MADISON, Wisconsin — The last-minute COVID-19 school-closing order by the Dane County health authority tramples on constitutionally protected freedom of religion and has caused “irreparable harm” to local Catholic schools that spent hundreds of thousands of dollars using the county’s own guidelines to prepare for safe opening of classrooms, a schools group said Friday in filing for a Wisconsin Supreme Court emergency injunction.
St. Ambrose Academy of Madison, a group of seven other Dane County Catholic schools and parishes, and thirteen parents filed a nearly 60-page petition with the Wisconsin Supreme Court asking it to block the school-closing order issued after close of business on August 21 by Public Health Madison & Dane County. The coalition asked the court to issue a temporary injunction by Sept. 4 so Catholic schools in the county can open on September 8. The coalition has raised more than $103,000 for the legal challenge using a crowdfunding web site. Defendants in the case are Dane County Executive Joe Parisi and Janel Heinrich, director of the health agency.
The plaintiffs’ attorney, Misha Tseytlin of Troutman Pepper Hamilton Sanders LLP, argued that the public-health agency is interfering with free practice of religion and has no statutory legal authority to restrict school operations. “The order violates parents’ constitutional rights to religious exercise and to direct the upbringing of their children, as well as the schools’ rights to inculcate religious values,” Tseytlin wrote in the petition. The Wisconsin constitution’s freedom-of-conscience clauses require “strict scrutiny” on government orders that burden religious exercise, he wrote.
“The county cannot possibly satisfy strict scrutiny,” Tseytlin wrote. “While stopping the spread of COVID-19 is compelling, the school-closure order is obviously not narrowly tailored to further that interest … because it bans schools from reopening where the schools have implemented the county’s own safe reopening plans, and because it permits the reopening of colleges, universities, daycare centers, movie theaters and much more.”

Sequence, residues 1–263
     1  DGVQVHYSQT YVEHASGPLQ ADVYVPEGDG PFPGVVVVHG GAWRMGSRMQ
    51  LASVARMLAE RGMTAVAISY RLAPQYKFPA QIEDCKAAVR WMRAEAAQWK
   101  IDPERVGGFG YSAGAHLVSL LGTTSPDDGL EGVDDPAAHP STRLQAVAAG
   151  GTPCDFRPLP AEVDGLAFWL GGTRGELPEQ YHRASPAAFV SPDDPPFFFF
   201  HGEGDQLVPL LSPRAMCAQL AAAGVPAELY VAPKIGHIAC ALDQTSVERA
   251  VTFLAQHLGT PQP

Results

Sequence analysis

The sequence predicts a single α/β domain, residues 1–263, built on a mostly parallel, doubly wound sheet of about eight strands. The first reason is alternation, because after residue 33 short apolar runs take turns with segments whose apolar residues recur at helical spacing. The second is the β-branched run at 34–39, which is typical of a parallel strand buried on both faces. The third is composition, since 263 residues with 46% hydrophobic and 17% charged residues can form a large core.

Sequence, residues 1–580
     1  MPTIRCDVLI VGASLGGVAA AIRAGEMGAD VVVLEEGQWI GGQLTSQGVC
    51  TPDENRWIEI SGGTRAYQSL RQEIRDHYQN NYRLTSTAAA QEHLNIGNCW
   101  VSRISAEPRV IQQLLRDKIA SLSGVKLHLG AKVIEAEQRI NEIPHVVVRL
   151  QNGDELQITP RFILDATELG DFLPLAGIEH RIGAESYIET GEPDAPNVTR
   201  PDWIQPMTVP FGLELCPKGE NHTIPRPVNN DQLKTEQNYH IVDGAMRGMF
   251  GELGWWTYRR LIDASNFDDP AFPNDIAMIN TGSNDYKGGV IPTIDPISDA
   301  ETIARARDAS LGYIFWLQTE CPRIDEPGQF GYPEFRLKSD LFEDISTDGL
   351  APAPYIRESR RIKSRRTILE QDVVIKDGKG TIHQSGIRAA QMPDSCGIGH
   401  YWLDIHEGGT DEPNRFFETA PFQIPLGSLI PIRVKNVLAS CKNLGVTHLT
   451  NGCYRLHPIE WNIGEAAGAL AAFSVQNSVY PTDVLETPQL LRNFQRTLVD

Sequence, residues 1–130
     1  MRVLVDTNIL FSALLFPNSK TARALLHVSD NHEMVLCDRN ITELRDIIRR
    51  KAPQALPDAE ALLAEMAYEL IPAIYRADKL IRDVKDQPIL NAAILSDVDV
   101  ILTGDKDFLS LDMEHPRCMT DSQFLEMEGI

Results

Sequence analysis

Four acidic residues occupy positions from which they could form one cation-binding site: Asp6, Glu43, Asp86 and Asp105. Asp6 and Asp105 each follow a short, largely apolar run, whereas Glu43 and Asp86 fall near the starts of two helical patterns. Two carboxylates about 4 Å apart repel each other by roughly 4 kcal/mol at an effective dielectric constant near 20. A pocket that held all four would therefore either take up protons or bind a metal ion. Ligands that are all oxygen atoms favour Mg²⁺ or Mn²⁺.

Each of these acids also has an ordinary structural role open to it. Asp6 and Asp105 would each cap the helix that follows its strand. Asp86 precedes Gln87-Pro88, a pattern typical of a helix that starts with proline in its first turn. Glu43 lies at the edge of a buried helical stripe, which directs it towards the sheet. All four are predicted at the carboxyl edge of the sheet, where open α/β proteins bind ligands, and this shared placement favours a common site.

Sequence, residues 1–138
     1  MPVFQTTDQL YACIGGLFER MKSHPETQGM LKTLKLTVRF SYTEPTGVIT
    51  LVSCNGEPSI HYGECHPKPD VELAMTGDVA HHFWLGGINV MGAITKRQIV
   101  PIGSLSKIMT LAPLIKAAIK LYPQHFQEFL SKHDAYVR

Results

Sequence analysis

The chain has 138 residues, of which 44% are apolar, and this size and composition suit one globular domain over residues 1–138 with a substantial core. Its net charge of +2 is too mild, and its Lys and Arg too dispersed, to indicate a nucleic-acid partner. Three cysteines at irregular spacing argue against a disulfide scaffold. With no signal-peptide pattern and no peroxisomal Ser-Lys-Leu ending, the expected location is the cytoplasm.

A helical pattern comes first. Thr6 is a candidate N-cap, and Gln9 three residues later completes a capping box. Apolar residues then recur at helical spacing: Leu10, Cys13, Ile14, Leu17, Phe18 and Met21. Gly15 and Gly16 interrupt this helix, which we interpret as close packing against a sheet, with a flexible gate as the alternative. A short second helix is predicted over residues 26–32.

Unless the closure order is blocked by the high court, Tseytlin wrote, it will cause “spiritual and educational devastation.” The county order “has gutted parents’ and schools’ ability to provide religious instruction, undermining their mission to give children in-person education,” he wrote. Only in-person classroom instruction will fulfill the responsibility for providing Catholic education, he argued.
“Satisfying that obligation depends on in-person instruction, as these parents have chosen Catholic schools for their children so that they may receive Holy Communion at Mass, confess their sins to a priest through the Sacrament of Confession, join with the community of students and teachers to pray together and otherwise achieve the full religious and spiritual benefit of these sacred activities.”
Catholic schools spent months adapting classrooms and other spaces for physical distancing, proper hygiene and disinfection, and their plans far exceed those required of businesses that offer in-person services, Tseytlin wrote. The plaintiff schools collectively spent $326,400 to prepare facilities for safe learning and implemented measures such as frequent hand washing, placement of hand sanitizer in all rooms, requiring face coverings, reducing student movement between classrooms, and limiting classroom occupancy. St. Ambrose leased a nearby building in order to provide the needed classroom space.